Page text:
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It's been reported that the current occupants moved there in April.

The agreement to not use the residences was in May.

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3 minutes ago, TerryLH said:

It's been reported that the current occupants moved there in April.

The agreement to not use the residences was in May.

So that means those who moved in in April will be moving out. Simple.

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The judges won't be going anywhere; unless their houses slide down the hill. There was some suggestion recently that there are laws in place which make it difficult to move them out. 

Seeing as how it is judges who interpret the laws it seems unlikely that in any court they will rule against themselves. 

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Lets hope that nature steps in to give a helping hand to the demolition, and the faster the better !

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The real intrigue is where the money for these structures came from.  Apparently not from the government?  I wonder if there is a policy similar to some police forces that are expected to fund the majority of their costs from fines - often on the motorist which has been a topic in the UK.  However it is slightly more alarming if it is coming from court finances.

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Posted (edited)

Literally a slippery slope. Now the junta has the perfect excuse to tear down these monuments to corruption and cronyism without losing face. Who knows? - if they act quickly they might even win a few extra votes at the general election.

Edited by Krataiboy

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32 minutes ago, Krataiboy said:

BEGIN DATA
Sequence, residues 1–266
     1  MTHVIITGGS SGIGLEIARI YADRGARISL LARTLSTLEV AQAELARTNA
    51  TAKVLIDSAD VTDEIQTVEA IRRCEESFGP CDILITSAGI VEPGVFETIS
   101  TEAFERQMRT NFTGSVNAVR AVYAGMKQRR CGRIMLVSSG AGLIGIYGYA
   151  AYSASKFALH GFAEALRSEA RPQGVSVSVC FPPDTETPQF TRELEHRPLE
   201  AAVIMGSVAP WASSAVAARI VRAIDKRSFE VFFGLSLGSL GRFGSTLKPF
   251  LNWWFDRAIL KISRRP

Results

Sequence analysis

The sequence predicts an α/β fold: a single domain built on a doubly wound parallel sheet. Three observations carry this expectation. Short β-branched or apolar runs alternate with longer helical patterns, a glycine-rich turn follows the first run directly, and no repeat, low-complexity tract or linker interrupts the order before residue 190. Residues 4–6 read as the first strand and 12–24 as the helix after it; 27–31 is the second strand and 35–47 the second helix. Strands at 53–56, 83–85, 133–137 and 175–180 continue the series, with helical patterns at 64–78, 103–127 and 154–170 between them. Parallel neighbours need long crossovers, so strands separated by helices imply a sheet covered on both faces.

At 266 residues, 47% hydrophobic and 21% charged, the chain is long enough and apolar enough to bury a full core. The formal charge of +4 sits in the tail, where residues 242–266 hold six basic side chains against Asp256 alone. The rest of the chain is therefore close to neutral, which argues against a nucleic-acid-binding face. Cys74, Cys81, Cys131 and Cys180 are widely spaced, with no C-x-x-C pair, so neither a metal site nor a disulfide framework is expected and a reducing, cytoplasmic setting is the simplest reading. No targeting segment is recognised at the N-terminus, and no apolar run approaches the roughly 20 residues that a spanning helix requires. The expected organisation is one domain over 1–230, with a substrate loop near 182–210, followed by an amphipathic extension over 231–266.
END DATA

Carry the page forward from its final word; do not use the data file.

Literally a slippery slope. Now the junta has the perfect excuse to tear down these monuments to corruption and cronyism without losing face. Who knows? - if they act quickly they might even win a few extra votes at the general election.

Having seen these pictures, I suspect that nature will beat the Government to the demolition process.

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A waste to tear them down as far as I am concerned. Finish them, sell them off.

 

Use the proceeds to build homes for the homeless or buy land to put into the forest reserve.

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3 hours ago, timewilltell said:

The real intrigue is where the money for these structures came from.  Apparently not from the government?  I wonder if there is a policy similar to some police forces that are expected to fund the majority of their costs from fines - often on the motorist which has been a topic in the UK.  However it is slightly more alarming if it is coming from court finances.

The Courts of Justice have an independent secretariat, namely, the Office of the Judiciary.  The Office of the Judiciary has autonomy in personnel administration, budget, and other activities as provided by law.

This means that the COJ budget is submitted separately and independently from the Prime Minister's budget that covers the Executive branch of government. But I'd expect COJ funding comes largely from the Thai taxpayer vis a vis the Treasury with contributions from government tariffs, fees and fines.

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Probably classed as an act of God so even if anyone has insurance it'll not be covered. Let's pray for rain. Honestly though, who actually believed they were gonna not go live in them? Remember when they said they weren't gonna build the super highway over X amount of natural waterways, there were protests and marches and everything, then they went ahead and did it anyway? 

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BANGKOK 24 June 2018 15:43